The Justice Ministry on Tuesday confirmed there is no footage of the shooting of an autistic Palestinian man who was killed by Israeli police, saying that security cameras in the area were not operating properly at the time.
The admission marked a setback in the investigation and raised suspicions from the man's family about the integrity of the probe.
Eyad Hallaq, who was 32, was fatally shot just inside Jerusalem's Old City on May 30 as he was on his way to the special-needs institution that he attended.
The Old City frequently experiences heightened tensions between local Palestinians and Israeli security forces, and the volatile area's narrow streets are lined with hundreds of security cameras.
In a statement, the Justice Ministry said internal affairs investigators had checked all of the cameras in the area after the shooting. "At this stage of the investigation we can relay that the shooting incident was not documented on them," it said. "Also in the garbage room where the deadly shooting took place, there were security cameras but those cameras were not connected at the relevant time and didn't document the shooting."
According to various accounts at the time, two members of Israel's paramilitary Border Police force chased Hallaq into a nook and shot him as he cowered next to a garbage bin. At the time, Israeli police said they believed he was carrying a "suspicious object" and said they opened fire when he failed to heed calls to stop.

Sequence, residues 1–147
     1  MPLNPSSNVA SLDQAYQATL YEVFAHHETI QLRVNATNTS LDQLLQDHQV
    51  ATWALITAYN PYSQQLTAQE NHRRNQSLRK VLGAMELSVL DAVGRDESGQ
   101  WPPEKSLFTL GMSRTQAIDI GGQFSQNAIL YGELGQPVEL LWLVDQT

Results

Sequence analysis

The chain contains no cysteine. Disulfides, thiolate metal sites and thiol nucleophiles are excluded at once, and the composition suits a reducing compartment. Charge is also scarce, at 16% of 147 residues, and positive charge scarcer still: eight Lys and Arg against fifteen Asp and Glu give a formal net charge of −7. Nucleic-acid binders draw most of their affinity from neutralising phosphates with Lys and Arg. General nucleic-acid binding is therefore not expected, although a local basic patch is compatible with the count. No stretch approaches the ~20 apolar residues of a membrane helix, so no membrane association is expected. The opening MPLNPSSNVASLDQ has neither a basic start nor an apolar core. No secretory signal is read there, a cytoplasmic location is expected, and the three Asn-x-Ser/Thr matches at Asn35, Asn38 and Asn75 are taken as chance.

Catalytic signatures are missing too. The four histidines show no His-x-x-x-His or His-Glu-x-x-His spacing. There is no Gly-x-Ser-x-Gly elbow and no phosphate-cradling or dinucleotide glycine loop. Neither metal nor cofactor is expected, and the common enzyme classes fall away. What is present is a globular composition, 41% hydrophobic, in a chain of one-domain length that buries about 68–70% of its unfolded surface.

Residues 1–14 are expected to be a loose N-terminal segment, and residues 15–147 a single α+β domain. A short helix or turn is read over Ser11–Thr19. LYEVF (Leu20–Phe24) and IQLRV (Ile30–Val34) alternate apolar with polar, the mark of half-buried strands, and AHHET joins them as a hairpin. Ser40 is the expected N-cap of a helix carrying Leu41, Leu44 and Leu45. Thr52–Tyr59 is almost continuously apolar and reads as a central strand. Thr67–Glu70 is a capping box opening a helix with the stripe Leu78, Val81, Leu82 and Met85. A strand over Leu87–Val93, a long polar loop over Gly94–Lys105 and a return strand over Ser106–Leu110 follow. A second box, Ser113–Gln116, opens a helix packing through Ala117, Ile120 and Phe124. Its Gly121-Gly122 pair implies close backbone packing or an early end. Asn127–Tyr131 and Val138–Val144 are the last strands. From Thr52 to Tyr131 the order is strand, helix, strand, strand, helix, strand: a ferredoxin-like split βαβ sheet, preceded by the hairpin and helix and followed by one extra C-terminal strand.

His teacher, who was with him, told an Israeli TV station that she had repeatedly called out to police that he was "disabled."
The ministry said Hallaq, who was unarmed, had been mistakenly identified as an attacker and called the incident "tragic." It said that despite the lack of footage, investigators had interviewed a number of witnesses, in addition to the officers involved in the incident. It said the investigation was in its final stages.
"Representatives of the internal investigations department expressed their condolences to the family and requested to shake the hands of the parents," the ministry said.
The statement confirmed an announcement by Hallaq's family on Monday that police informed them there was no footage of the shooting.
The family's lawyer, Jad Qadamani, said the claim that there was no footage was unacceptable. "We look with great suspicion on this matter and demand the immediate opening of an investigation," he said.
At the time, the shooting drew comparisons to the death of George Floyd in the U.S. and prompted a series of small demonstrations against police violence. The uproar crossed Israeli-Palestinian lines and drew Jewish protesters as well, and Israeli leaders expressed regret over the shooting.
But since then, the family has complained about the slow pace of the investigation.